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Enrichment of erucic acid from pennycress (Thlaspi arvense L.) seed oil
- Terry A. Isbell, Roque Evangelista, Steve E. Glenn, Drew A. Devore, Bryan R. Moser, Steven C. Cermak, Serin Rao
- Industrial crops and products 2015 v.66 pp. 188-193
- Thlaspi arvense, biodiesel, crystallization, distillation, erucic acid, ethanol, fatty acid methyl esters, geographical distribution, growth habit, industrial crops, markets, methanol, potassium, seed oils, soaps, solvents, triacylglycerols, viscosity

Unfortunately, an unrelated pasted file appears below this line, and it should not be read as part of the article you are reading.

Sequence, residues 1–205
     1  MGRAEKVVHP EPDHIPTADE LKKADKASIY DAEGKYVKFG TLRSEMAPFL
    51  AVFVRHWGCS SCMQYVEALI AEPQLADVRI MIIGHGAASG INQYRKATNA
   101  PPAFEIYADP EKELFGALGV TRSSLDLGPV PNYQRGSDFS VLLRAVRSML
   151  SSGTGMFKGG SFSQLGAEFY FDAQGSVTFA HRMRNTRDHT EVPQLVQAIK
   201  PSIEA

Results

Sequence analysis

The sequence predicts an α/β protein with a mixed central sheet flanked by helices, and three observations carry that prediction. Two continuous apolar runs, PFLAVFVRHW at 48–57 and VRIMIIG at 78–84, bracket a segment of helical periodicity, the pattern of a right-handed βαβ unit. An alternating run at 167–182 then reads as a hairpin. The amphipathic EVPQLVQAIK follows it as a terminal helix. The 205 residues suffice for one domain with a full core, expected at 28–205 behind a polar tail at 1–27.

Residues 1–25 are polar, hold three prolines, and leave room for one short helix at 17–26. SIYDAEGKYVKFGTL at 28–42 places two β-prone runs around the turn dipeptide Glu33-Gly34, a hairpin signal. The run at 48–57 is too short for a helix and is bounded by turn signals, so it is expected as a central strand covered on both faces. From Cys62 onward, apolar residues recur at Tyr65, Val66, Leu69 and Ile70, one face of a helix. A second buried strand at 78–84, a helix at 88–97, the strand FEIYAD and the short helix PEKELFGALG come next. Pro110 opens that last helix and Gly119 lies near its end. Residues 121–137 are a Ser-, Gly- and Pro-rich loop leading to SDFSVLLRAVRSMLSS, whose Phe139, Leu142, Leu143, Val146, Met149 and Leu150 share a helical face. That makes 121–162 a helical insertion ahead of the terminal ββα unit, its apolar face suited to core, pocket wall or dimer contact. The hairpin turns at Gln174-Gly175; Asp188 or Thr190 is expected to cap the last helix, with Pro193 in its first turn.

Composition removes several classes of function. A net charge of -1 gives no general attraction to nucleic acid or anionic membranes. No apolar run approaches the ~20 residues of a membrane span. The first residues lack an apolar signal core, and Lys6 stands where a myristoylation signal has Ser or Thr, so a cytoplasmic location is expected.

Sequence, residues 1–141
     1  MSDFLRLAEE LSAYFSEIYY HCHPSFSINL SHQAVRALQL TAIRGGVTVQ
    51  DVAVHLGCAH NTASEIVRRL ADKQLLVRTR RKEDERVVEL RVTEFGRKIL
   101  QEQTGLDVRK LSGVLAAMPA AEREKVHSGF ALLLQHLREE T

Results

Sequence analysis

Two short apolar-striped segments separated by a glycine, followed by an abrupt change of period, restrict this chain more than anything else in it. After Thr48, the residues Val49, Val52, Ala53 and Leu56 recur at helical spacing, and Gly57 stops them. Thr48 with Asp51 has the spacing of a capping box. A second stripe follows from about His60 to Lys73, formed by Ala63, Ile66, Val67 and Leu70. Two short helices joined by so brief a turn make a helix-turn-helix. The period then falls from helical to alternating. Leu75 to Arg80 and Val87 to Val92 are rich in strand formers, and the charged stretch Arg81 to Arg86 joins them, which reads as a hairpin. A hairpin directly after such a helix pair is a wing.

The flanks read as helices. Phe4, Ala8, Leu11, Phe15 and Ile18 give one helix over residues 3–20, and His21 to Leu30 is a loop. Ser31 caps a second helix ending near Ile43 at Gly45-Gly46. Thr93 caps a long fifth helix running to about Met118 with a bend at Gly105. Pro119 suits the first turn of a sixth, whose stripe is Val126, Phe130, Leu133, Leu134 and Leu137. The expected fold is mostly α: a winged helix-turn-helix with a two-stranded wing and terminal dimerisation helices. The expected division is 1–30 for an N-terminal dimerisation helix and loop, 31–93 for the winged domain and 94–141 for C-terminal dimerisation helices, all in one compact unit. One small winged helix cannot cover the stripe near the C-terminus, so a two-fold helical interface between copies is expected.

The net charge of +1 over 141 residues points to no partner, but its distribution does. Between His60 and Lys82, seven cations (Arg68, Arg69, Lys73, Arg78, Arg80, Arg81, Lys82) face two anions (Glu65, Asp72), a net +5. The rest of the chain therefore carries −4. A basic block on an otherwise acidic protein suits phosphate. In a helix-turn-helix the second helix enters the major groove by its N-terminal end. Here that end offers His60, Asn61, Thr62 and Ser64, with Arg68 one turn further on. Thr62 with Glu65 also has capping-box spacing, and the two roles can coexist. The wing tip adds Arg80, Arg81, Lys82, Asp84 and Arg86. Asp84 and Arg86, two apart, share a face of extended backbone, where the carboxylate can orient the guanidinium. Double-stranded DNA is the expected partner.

- Pennycress (Thlaspi arvense L.) is a winter annual that has a wide geographic distribution and a growth habit that makes it suitable for an off-season rotation between corn and soybeans in much of the Midwestern United States. Pennycress seed contains 36% oil with 36.6% erucic acid content There are a number of markets that pennycress could supply from an enriched erucic fatty acid fraction. Erucic acid was enriched using two independent separation methods; vacuum distillation of fatty acids or methyl esters and fractional crystallization of potassium soaps directly from the triglyceride. Fractional crystallization provided the highest level of purity, yielding an 87% erucic enriched fraction but in low theoretical recovery of 23% when ethanol was used as the crystallization solvent. A higher theoretical erucic recovery (59%) was obtained when methanol was used as a solvent yielding a 71% enriched erucic acid fraction. This method utilized a mixed solvent (90:10 methanol/water) for crystallization with a 5:1 solvent to analyte ratio. In an independent study, molecular distillation of the fatty acid methyl esters at 90°C, 7Pa of pressure enriched the erucic acid content to 67.1% in a single pass and could be further enriched to 71.6% with a second pass with an overall mass balance for this double distilled fraction of 43.2%. Distillation of the fatty acids was similar to the methyl esters yielding a fraction that contained 69.0% erucic with an overall mass balance of this fraction of 38.4% after two distillations. All three enriched fractions (feed, distilled FAME and mother liquor) were suitable for biodiesel; 40°C viscosity range 4.142–5.509, 100°C viscosity range of 1.713–2.095. Pour points were improved from the feed of −18°C to −27°C in the mother liquor fraction and remained the same in the distillate at −18°C. HFRR wear scars ranged from 120 to 177μm across all fractions.